Education authorities and officials have been given permission from government to close 33 primary schools and 10 secondary schools. Tough decision to make, but not only tough! It is the only one! An inevitable reaction! People talk about closing the schools as if this is honourably and calculatedly done. A conclusion and decision reached by choice! Interesting, is it not? The schools will open two weeks earlier next term to make up for lost time. And everything will be fine! It will not be fine.

There is need for every authority and official in the education sector to see this cyclone and its aftermath for what it is, an Armageddon-size tragedy; and stop to see it like a children’s game that has been disrupted by a whirlwind.

When schools open two weeks late, may be even a month late, two months or 10 months later, where will the students…the pupils be coming from? Who will pay their fees? Who will buy them uniforms? After every school day, what do they go back ‘home’ to eat?  Even if they get all the material needs from well wishers, what psychologist or educational theorist knows what kind of education can go on after such a traumatic experience?

Are the teachers trained in any special way to teach such children? Will the teachers themselves be back to their ‘senses’ and free from the post-cyclone stress or trauma? With the enthusiasm we all know the education supervisors and inspectors to have, how much good and not harm will they be to the teachers? Have they too been trained to know how to operate in an education environment existing in a situation worse than a war ravaged community or refugee-camp scenario?

The education officials in this area or whose area of supervision was devastated by Cyclone Idai need to change their mind-sets, language and attitudes. The teachers need to understand the hearts, the minds and the conscience of the pupils they will be teaching post-Cyclone Idai. The school inspectors and those above them all need to change their style of supervision and particularly the language and the attitude. It is not business as usual. It will never be business as usual, at least for the foreseeable future.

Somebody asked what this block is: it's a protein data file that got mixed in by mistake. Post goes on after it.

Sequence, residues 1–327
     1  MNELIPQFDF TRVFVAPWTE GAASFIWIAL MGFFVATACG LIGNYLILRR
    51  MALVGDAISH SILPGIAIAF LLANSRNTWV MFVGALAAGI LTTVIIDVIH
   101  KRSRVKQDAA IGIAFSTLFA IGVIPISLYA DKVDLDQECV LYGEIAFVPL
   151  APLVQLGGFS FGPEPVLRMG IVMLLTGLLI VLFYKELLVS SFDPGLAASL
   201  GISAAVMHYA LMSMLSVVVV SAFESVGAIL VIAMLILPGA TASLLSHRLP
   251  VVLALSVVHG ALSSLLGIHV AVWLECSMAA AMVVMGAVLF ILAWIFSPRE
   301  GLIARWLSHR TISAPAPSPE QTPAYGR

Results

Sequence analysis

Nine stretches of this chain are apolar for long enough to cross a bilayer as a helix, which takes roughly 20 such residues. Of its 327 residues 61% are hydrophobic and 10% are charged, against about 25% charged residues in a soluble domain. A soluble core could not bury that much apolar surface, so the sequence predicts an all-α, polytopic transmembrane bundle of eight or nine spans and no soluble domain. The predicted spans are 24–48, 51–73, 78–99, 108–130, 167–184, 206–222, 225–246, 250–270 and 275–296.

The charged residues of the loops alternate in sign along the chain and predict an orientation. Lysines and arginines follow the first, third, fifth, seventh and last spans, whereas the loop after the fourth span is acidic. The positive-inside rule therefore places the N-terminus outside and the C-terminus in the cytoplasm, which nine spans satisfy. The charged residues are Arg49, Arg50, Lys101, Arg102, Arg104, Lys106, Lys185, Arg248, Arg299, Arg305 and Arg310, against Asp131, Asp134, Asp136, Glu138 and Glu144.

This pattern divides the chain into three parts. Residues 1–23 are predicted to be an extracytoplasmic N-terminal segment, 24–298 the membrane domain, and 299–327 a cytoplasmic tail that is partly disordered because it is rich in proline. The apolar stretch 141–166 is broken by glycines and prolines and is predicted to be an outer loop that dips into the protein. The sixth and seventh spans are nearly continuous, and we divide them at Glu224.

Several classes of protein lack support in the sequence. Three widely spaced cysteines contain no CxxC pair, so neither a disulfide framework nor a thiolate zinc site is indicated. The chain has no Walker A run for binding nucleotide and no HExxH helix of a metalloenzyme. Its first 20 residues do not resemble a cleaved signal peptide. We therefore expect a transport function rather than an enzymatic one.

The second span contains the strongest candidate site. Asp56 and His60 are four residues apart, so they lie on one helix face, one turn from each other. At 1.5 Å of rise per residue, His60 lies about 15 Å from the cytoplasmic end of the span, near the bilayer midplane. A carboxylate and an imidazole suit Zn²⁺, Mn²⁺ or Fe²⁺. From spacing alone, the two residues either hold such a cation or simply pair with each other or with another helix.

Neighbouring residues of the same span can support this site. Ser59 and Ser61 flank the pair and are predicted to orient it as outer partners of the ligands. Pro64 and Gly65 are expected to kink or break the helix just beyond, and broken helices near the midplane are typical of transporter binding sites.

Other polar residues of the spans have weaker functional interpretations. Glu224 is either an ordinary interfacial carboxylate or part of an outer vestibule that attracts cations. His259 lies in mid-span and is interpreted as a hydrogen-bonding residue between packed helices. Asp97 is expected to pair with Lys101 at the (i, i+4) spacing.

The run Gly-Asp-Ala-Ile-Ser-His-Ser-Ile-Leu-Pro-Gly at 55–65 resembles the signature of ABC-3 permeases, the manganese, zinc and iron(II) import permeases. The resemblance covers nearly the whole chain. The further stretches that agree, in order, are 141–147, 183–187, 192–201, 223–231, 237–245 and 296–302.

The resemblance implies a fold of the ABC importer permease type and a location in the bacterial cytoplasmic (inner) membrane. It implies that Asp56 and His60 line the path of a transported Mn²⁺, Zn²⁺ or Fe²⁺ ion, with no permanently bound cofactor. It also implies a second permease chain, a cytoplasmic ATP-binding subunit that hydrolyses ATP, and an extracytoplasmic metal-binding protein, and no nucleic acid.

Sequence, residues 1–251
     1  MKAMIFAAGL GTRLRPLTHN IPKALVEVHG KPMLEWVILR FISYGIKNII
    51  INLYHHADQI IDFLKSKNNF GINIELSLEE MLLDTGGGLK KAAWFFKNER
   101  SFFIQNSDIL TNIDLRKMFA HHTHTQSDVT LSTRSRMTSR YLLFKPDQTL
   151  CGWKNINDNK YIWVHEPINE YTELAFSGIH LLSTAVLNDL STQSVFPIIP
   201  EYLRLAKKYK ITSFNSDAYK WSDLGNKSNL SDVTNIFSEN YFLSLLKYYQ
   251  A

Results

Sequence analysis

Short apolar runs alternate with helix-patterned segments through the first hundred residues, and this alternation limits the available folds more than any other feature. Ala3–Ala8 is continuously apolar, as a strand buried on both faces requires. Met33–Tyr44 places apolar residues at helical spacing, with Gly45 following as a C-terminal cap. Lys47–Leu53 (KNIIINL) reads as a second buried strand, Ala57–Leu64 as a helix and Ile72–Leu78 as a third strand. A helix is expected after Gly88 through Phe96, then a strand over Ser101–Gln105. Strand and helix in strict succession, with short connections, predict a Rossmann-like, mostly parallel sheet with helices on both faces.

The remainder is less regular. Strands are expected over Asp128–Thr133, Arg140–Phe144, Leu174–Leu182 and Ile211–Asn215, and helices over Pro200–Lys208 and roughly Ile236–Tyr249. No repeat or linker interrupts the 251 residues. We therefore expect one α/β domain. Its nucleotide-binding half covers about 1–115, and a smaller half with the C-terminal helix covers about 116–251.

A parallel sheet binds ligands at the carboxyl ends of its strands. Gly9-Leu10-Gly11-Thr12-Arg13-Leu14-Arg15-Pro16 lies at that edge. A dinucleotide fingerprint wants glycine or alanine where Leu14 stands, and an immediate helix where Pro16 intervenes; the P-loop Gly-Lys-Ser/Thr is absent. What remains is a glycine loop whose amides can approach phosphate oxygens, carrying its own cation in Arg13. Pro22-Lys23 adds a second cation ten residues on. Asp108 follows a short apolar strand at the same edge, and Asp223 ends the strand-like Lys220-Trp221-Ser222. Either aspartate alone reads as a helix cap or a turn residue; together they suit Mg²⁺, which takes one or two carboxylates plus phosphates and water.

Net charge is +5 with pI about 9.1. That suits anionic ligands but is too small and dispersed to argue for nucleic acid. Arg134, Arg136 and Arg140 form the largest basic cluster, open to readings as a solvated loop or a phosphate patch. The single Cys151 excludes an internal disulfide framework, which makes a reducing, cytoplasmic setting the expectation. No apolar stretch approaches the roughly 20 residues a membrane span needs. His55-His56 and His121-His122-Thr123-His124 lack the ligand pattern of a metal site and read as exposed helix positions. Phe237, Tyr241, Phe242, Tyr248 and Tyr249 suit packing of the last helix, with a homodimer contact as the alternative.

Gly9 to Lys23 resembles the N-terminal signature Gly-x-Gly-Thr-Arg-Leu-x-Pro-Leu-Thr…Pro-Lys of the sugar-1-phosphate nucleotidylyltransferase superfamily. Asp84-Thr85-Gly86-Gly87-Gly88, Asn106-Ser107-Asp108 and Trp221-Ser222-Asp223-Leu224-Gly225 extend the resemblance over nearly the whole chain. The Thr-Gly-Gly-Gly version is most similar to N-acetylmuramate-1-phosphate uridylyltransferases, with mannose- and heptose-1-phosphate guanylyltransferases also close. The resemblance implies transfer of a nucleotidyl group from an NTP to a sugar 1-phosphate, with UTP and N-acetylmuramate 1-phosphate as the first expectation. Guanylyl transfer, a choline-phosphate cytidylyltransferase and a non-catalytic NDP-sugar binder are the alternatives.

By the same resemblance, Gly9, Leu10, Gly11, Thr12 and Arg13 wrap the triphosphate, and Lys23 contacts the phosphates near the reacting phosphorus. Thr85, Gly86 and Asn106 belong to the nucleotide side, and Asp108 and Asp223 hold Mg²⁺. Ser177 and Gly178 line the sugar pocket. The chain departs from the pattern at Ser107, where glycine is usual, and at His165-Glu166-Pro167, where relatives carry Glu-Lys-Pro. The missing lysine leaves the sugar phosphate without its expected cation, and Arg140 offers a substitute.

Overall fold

The rhetoric that is already filtering from certain quarters of this critically important facet of national development, education, post-Chimanimani and Chipinge disaster, clearly suggests worried and concerned people but as expected some of them have no idea of the task ahead to bring education back to some level of normalcy. The task is near insurmountable. It is not a Ministry of Education task alone and for a long time will cease to be.

The lessons Zimbabwe must learn from the worst storm to hit Southern Africa are enormous and many. Some problems are so enormous they need nothing less than genuine unity of purpose or good will that singularises effort. The Chimanimani-Chipinge cyclone disaster is one such problem.

I may as well add, and in the same context of the survivors of Cyclone Idai, “When people have nothing left to themselves, they need no philosophising, no politicking, no talking, no prayers. They simply need food, clothes and shelter to make it through one day at a time.  And we must think of them, not ourselves, not our glories and good names!” These desperate victims of Cyclone Idai will take and accept any help from anybody black, white, green, yellow, including even their enemies. So let them.

The good thing is that there is already evidence on the wall that Government and its people are seriously on the ground thinking about what must be done immediately, in the medium term and long term.

Armchair critics, political philosophers and analysts who ooze words and supply lots of oral wisdom but did not part with a handkerchief to give to the victims! People whose eyes see only politics even where it is dangerous or least needed. The foolish neighbour who will verbally vandalise another neighbour’s dog to win favours from the closest neighbour who loves no dogs and owns no dog! The hypocritical favour-seeking, attention-seeking nincompoop who cries louder than the bereaved! Opportunists are not made; they are born. Like human shadows they will always be around.

I have no doubt in my mind that President Mnangagwa will listen to every little sense, every little idea and suggestion from every patriotic Zimbabwean who believes we are one nation, one family and one people.

He has already demonstrated that by the way he has unleashed operational personnel and equipment and set up task forces to plan easing the pain of the people of Chimanimani and Chipinge, particularly school going children. What he needs more now is support and joining hands with, and less noisy and critical mischief.